Re: [woes] Proposed charter, post-Quebec edition

Jeremy Laurenson <jlaurens@cisco.com> Sat, 06 August 2011 04:33 UTC

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Subject: Re: [woes] Proposed charter, post-Quebec edition
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From a Javascript dev perspective, specifying an algorithm will make it a hell of of lot easier to implement, instead of having to potentially account for multiples.

Lets use the example of a web app that aggregates social media data - just for giggles - and uses WOES to secure the communications to well-defined interfaces

If multiple vendors' websites implement WOES/JOES/JOSE with different algorithms, it becomes more complex vs a single, consistent one.




On Aug 5, 2011, at 2:16 PM, Sean Turner wrote:

> So I'll bite on this ;)
> 
> I think we can write the spec to require a particular algorithm choice, but it might make more sense to define the options and then allow the environment in which the solution will be used to specify it's requirements.  But, I believe that is a discussion we'll have while writing the spec.
> 
> spt
> 
> On 8/4/11 9:29 AM, John Bradley wrote:
>> HMAC is requirement for adoption in the JWS use cases.
>> 
>> If we want to describe it as something other than a "Qualified Digital
>> Signature", that is fine as long as it is MTI:)
>> 
>> John B.
>> 
>> 
>> On 2011-08-04, at 9:12 AM, Phillip Hallam-Baker wrote:
>> 
>>> 
>>> 
>>> On Thu, Aug 4, 2011 at 9:03 AM, Sean Turner <turners@ieca.com
>>> <mailto:turners@ieca.com>> wrote:
>>> 
>>>    On 8/2/11 7:13 PM, Paul Hoffman wrote:
>>> 
>>>        Here is a proposal for the charter based on the discussion in
>>>        the BoF last week and later discussion with Sean Turner.
>>>        Comments, praise, scorn, etc., are welcome.
>>> 
>>>        --Paul and Richard
>>> 
>>>        Javascript Object Signing and Encrypting (jose)
>>>        ==============================__=================
>>> 
>>>        Background
>>>        ----------
>>> 
>>>        Javascript Object Notation (JSON) is a text format for the
>>>        serialization of structured data described in RFC 4627. The
>>>        JSON format is often used for serializing and transmitting
>>>        structured data over a network connection. With the increased
>>>        usage of JSON in protocols in the IETF and elsewhere, there is
>>>        now a desire to offer security services such as encryption and
>>>        digital signatures for data that is being carried in JSON format.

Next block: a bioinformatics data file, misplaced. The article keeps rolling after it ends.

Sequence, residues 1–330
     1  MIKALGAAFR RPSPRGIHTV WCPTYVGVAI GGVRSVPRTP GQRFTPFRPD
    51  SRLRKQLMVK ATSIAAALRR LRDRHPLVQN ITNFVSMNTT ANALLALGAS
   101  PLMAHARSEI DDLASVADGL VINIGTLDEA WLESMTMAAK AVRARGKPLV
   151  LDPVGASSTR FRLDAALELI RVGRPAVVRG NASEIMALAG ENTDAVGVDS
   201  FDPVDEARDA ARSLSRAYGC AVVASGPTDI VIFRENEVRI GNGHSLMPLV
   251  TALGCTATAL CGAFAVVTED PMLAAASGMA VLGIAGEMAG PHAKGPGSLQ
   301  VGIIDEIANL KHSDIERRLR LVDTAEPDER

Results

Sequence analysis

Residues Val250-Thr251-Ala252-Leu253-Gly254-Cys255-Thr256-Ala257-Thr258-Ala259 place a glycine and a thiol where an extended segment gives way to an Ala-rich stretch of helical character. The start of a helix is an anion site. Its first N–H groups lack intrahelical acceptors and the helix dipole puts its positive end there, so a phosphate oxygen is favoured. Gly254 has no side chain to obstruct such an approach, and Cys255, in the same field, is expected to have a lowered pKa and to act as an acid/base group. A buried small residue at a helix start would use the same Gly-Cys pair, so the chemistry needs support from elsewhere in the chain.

>>> 
>>>        Different proposals for providing such security services have
>>>        already been defined and implemented. This Working Group's
>>>        task is to standardize two security services, encrypting and
>>>        digitally signing, in order to increase interoperability of
>>>        security features between protocols that use JSON. The Working
>>>        Group will base its work on well-known message security
>>>        primitives (e.g., CMS), and will solicit input from the rest
>>>        of the IETF Security Area to be sure that the security
>>>        functionality in the JSON format is correct.
>>> 
>>>        This group is chartered to work on four documents:
>>> 
>>>        1) A Standards Track document specifying how to apply a
>>>        JSON-structured digital signature to data, including (but not
>>>        limited to) JSON data structures. "Digital signature" is
>>>        defined as a hash operation followed by a signature operation
>>>        using asymmetric keys.
>>> 
>>> 
>>>    I just want to make sure that we agree now that a digital
>>>    signature is a hash followed by a signature algorithm (e.g., RSA
>>>    with SHA-256). I've seen a couple of drafts that tried to say an
>>>    HMAC (e.g., HMAC-SHA256) was a digital signature; one called it a
>>>    symmetric key based digital signature algorithm (note this phrase
>>>    didn't get through the IESG).
>>> 
>>> 
>>> An HMAC is not a digital signature, but the spec definitely needs to
>>> be able to cover MAC based authentication.
>>> 
>>> 
>>> I know that public key is getting easier as far as computation goes.
>>> But for many applications the non-repudiation you get in digital
>>> signatures is actually undesirable.
>>> 
>>> There are interesting tricks you can do with symmetric crypto that are
>>> much harder to do in public key and end up with some scheme that only
>>> 50 academics in the world can follow and has a security proof that
>>> rest on rather esoteric assumptions.
>>> 
>>> --
>>> Website: http://hallambaker.com/
>>> 
>>> _______________________________________________
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>>> woes@ietf.org <mailto:woes@ietf.org>
>>> https://www.ietf.org/mailman/listinfo/woes
>> 
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